The journey of metformin from glycaemic control to mTOR inhibition and the suppression of tumour growth

Sam Amin*, Andrew Lux, Finbar O'Callaghan

*Corresponding author for this work

Research output: Contribution to journalReview article (Academic Journal)peer-review

16 Citations (Scopus)

Abstract

Our knowledge of the effect of metformin on human health is increasing. In addition to its ability to improve the control of hyperglycaemia, metformin has been shown to reduce the burden o,f ageing via effects on damaged DNA and the process of apoptosis. Studies have shown that metformin may reduce the risk of cardiovascular disease through influences on body weight, blood pressure, cholesterol levels and the progression of atherosclerosis. Studies also suggest that metformin may be beneficial for neuro-psychiatric disorders, cognitive impairment and in reducing the risk of dementia, erectile dysfunction and Duchenne muscular dystrophy. In vivo and in vitro studies have shown that metformin has anti-cancer properties, and population studies have suggested that metformin may reduce the risk of cancer or improve cancer prognosis. It is thought that it exerts its anti-cancer effect through the inhibition of the mammalian target of rapamycin (mTOR) signalling pathway. Because of its effect on the mTOR pathway, there may be a role for metformin in slowing or reversing growth of life-threatening hamartomas in tuberous sclerosis complex.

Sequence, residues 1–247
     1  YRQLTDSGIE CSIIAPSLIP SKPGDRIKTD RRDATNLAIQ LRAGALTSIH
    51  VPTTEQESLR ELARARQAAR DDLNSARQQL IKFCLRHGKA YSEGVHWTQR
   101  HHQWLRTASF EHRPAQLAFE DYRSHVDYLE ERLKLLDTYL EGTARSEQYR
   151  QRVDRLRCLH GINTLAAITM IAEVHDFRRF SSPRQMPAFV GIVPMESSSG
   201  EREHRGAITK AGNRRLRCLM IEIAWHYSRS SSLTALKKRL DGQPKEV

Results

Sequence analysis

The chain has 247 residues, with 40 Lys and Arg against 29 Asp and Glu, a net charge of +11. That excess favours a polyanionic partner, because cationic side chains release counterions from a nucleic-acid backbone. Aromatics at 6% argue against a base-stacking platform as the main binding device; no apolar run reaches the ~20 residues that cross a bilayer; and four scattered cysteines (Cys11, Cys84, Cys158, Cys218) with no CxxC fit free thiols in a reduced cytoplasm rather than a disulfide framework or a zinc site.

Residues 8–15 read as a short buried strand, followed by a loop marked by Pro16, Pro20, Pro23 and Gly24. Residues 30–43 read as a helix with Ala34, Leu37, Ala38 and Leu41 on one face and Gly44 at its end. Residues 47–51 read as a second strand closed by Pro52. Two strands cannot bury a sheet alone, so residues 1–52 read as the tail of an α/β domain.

Original languageEnglish
Pages (from-to)37-46
Number of pages10
JournalBritish Journal of Clinical Pharmacology
Volume85
Issue number1
Early online date8 Nov 2018
DOIs
Publication statusPublished - Jan 2019

Keywords

  • clinical pharmacology
  • genetic polymorphism
  • genetics and pharmacogenetics
  • neurology
  • therapeutics

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